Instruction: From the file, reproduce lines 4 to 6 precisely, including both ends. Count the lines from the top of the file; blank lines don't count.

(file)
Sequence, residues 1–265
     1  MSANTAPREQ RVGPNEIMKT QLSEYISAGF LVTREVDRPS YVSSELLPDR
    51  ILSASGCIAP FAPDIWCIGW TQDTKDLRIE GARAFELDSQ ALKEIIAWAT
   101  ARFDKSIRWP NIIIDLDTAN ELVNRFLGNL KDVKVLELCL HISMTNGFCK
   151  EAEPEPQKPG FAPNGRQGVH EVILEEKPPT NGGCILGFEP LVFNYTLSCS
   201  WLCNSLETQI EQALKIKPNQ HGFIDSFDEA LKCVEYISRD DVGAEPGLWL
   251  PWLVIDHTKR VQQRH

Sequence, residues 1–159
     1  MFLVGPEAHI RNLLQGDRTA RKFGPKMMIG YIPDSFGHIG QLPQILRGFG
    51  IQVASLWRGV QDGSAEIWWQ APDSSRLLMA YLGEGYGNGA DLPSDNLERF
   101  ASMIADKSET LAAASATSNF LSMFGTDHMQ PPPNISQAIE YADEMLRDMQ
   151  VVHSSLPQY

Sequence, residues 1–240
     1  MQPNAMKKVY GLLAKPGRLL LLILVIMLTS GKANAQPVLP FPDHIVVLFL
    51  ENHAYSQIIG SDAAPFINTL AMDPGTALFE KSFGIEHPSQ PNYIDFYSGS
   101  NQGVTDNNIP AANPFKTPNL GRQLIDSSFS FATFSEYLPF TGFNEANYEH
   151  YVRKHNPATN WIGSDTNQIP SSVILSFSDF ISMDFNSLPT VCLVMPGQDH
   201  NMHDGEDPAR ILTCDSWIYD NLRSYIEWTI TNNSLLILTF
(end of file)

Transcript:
   101  ARFDKSIRWP NIIIDLDTAN ELVNRFLGNL KDVKVLELCL HISMTNGFCK
   151  EAEPEPQKPG FAPNGRQGVH EVILEEKPPT NGGCILGFEP LVFNYTLSCS
   201  WLCNSLETQI EQALKIKPNQ HGFIDSFDEA LKCVEYISRD DVGAEPGLWL